“There are a lot of things I won’t talk about. Some things are so horrible that no man in his right mind wants to get back to [them]…”
Cooking Up a Victory
-An oral history of Charles Inglis

Home | Table of Contents | Previous Story | Next Story
Personal Profile | Student Perspective | Audio Interview

In 1942, nineteen-year-old Charles E. Inglis was drafted into the Army. Although most conscripted men were sent to the front to fight, Mr. Inglis received a different kind of assignment—he was to be an Army cook, a job that took him half way around the world. Mr. Inglis was first stationed at Fort Sam Houston where he trained other Army personnel to cook and bake. In September 1942, he volunteered to go overseas as a part of a special cadre. With this group, Mr. Inglis traveled to Hawaii, the Aleutian Islands, and eventually Guadalcanal, where he first fought the Japanese. Mr. Inglis explains that he had “to get out there on the line with the troops and fight” before he could set up his kitchen.

From Guadalcanal Mr. Inglis’s cadre moved to New Britain where there was less fighting. While stationed on New Britain, he was able to cook more and was even invited to bake for General Douglas MacArthur. He fondly recalls that General MacArthur enjoyed his cherry pie in particular. “He would come in and say ‘Sergeant, you got any of that cherry pie today?’” Mr. Inglis reminisces. “I’d give him a cup of old, stale coffee and a slice of cherry pie, and he was happy, but he always came to my kitchen . . . because he knew I was gonna have that cherry pie.”

After some time, Mr. Inglis and his cadre were relocated to the Philippines. There he had a dramatic and terrifying encounter with what he calls, “Japanese brutality.” When a patrol failed to return to camp after two days, the soldiers grew concerned, and additional patrols were sent out to find the missing GIs. The lost patrol was found, “buried alive, head first and . . . all that was sticking out was their feet.” Mr. Inglis’s hurt and anger become more evident as he continues, “That’s something I very seldom talk about because one of them was a very close friend of mine and all I could see was his feet sticking out. So that’s one reason . . . that I tried to stay away from as much fighting as I could because . . . after I [saw] that, I was angry, and it didn’t make any difference what I [saw]—I was ready to shoot.”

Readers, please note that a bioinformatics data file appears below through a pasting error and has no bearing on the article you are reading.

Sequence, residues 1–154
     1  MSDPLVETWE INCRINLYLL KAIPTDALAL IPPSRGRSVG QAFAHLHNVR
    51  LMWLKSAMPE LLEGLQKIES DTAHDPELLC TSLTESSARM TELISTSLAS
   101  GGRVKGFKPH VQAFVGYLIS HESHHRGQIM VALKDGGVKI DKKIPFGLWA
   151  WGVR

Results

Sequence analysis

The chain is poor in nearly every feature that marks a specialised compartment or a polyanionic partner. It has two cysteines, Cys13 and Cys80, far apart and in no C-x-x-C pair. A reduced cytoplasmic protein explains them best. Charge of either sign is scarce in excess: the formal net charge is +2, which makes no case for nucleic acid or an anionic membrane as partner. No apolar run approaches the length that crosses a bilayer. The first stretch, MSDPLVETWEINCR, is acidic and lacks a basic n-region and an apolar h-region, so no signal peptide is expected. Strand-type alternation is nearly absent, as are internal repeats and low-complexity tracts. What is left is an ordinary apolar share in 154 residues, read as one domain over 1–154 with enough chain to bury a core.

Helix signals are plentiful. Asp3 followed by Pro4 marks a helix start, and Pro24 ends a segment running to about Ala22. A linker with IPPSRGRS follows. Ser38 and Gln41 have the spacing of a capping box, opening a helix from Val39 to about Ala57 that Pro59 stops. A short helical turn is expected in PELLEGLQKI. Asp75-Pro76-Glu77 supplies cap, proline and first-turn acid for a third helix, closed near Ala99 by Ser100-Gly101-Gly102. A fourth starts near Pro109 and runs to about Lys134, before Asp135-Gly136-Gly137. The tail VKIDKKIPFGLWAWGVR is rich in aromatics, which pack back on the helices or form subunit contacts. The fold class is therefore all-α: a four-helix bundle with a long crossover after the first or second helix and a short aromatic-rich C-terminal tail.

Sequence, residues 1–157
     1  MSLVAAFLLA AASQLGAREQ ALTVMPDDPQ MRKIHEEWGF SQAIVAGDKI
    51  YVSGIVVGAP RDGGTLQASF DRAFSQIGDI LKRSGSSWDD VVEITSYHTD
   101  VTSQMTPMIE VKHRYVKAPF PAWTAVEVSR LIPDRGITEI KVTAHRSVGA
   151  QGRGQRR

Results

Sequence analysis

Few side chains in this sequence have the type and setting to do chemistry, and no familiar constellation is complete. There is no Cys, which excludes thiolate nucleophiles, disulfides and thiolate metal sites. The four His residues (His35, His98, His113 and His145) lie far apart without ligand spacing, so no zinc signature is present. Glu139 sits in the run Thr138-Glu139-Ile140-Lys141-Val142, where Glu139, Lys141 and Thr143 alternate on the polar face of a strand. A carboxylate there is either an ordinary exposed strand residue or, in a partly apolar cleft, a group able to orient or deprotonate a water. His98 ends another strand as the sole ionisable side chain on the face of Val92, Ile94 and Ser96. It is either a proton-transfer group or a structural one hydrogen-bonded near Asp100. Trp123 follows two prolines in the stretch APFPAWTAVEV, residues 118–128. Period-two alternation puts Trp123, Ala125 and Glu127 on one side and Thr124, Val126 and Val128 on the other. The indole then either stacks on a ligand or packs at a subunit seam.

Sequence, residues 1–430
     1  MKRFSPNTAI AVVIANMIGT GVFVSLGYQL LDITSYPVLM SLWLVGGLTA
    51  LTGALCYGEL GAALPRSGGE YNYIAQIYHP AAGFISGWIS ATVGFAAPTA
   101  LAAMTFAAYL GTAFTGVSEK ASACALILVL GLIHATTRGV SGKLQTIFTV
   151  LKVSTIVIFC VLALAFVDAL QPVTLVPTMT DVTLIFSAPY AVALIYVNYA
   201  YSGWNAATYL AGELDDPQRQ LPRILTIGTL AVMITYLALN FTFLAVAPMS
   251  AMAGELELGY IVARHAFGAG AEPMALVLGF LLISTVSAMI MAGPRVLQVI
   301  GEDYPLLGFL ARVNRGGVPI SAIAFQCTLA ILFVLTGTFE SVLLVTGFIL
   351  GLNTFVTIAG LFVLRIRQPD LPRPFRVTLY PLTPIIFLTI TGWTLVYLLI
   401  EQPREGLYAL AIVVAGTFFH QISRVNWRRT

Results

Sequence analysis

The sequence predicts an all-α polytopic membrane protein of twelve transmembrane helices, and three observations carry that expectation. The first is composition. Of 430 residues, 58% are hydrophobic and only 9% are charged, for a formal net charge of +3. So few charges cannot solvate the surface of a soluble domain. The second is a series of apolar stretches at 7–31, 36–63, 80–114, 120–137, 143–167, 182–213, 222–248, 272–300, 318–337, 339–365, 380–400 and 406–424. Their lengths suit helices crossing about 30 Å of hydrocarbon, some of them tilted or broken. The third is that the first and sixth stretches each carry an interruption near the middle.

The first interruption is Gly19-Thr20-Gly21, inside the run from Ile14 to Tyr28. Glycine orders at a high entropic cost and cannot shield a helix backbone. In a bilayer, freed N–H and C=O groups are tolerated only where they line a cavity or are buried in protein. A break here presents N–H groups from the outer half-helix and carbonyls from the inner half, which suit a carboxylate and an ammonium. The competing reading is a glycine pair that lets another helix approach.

Despite the “Japanese brutality” that Mr. Inglis encountered in the Philippines, he was also able to recognize the detrimental effects Japan’s aggression had on its own people. He explains that at night he “would hear [the Japanese] . . . scrounging in the garbage” in search of edible food. “We threw away so much food,” he recalls, “that the Japanese could survive with [what] we threw away. . . . That’s something else that’s horrible . . . but it’s a fact.”

As the war neared its end, Mr. Inglis was ordered to take part in the Invasion of Japan, but when his ship was just eight hours off the coast of Japan, the enemy surrendered. “Had we gone into Japan, we would have lost thousands of men because the Japanese were dug in and waiting for us,” he says. Mr. Inglis was then rerouted to Korea where he helped disarm the occupying Japanese. Shortly after peace was declared, he was shipped back to the U.S. and discharged in Seattle, Washington. He remained in the Army Reserves at home, but was not called back to active duty during the Korean War.

Today, Mr. Inglis is proud to have served his country, but is reluctant to share all of his wartime experiences. “There are a lot of things I won’t talk about. Some things are so horrible that no man in his right mind wants to get back to [them]. . . . They were so devastating.”

Home | Table of Contents | Previous Story | Next Story